Davies, I&NS 12.3, is less than enthralled with Bower's final product, finding that it "is of considerably less historical value than it might ... have been." The book is "poorly written, frequently unclear, and littered with elementary inaccuracies of detail." Nevertheless, the book "does not try to be an exposé," and does "fill in much of the detail left tantalizingly untouched by the official history." In addition, Bower raises enough doubts about White's management of SIS "to warrant a serious rethinking of the traditionally flattering light cast upon White's record and achievements as Chief of the SIS."
2. Red Web: MI6 and the KGB Master Coup. London: Aurum, 1989. London: Mandarin, 1993. [pb]
Surveillant 3.2/3 says that Red Web discusses a "KGB ... compromised and ... controlled operation ... [that] completely deceived the British and Americans" from 1944 to 1955. According to Powers, NYRB (13 May 1993) and Intelligence Wars (2004), 295-320, this is the "sad tale of misplaced heroism on the part of the Baltic republics, who were cold-heartedly discarded by the British." The author "tells his story well, with much detail and some vividly drawn characters." Chambers sees Bower as "part of the Peter Wright industry," and this book as plagued with "dull writing."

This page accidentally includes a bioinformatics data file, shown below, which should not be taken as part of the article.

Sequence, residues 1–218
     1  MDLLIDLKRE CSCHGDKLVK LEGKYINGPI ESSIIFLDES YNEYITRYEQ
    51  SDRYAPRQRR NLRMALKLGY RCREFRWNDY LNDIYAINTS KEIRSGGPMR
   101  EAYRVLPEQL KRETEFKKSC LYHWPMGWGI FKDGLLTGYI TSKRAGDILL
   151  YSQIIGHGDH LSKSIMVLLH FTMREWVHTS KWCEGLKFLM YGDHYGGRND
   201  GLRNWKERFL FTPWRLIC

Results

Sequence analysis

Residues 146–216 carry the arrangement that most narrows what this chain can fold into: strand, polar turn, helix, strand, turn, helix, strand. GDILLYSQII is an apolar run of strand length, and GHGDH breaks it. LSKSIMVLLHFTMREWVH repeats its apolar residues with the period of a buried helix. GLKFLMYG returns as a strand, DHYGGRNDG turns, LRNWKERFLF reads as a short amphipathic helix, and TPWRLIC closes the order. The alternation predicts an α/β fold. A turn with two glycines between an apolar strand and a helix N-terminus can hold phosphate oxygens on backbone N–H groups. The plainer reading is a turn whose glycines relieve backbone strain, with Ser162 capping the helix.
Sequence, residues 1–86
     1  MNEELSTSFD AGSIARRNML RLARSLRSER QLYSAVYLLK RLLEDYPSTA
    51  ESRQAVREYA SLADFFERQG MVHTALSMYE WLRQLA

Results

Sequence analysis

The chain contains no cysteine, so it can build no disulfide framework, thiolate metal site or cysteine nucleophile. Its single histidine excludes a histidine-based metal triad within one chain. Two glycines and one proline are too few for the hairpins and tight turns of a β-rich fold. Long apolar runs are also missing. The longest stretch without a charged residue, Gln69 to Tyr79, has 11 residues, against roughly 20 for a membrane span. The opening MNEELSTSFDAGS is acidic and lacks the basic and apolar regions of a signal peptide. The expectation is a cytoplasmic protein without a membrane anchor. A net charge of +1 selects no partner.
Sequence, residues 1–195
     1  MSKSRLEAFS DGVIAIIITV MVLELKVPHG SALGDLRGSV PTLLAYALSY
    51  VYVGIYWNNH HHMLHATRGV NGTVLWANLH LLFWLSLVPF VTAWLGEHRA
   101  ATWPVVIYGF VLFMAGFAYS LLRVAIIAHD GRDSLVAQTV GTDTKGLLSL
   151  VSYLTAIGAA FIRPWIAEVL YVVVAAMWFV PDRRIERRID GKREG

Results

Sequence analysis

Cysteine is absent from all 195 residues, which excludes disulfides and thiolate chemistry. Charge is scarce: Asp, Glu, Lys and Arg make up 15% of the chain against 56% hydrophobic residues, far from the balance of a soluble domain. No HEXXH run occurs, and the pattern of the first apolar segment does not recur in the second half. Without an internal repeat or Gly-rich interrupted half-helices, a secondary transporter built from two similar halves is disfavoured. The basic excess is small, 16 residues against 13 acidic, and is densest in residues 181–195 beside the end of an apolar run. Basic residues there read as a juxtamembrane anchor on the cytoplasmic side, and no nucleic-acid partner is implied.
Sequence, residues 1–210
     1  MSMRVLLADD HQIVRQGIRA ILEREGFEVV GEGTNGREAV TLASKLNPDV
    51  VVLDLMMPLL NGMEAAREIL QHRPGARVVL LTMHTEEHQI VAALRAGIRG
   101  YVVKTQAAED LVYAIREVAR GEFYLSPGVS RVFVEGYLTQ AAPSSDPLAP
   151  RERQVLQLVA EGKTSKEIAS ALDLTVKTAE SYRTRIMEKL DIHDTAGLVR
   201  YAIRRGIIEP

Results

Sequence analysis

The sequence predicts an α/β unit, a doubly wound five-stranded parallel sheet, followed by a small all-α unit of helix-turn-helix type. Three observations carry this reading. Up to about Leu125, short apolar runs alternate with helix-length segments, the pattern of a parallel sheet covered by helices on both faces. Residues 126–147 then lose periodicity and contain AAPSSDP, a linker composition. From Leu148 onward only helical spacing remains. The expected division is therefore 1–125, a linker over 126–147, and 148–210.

Bulloch, John. M.I.5: The Origin and History of the British Counter-Espionage Service. London: Arthur Barker, 1963.
Constantinides: This book "is far less comprehensive than the title suggests.... Vernon Kell, the first head of the security service, looms large and occupies much space.... The work is especially skimpy on the period of World War II and after.... Bulloch fails to provide sources for much of what he writes."
Curry, Jack C. The Security Service, 1908-1945: The Official History. London: Public Record Office, 1999.
West, The Spectator, 2 Oct. 1999, notes that this work was written at the end of World War II and only now has been declassified and released to the PRO. Curry prepared "a comprehensive history tracing MI5's origins back to before the first world war.... [This] is a candid chronology of MI5's inability to cope with German spies before the second world war, and Soviet spies generally."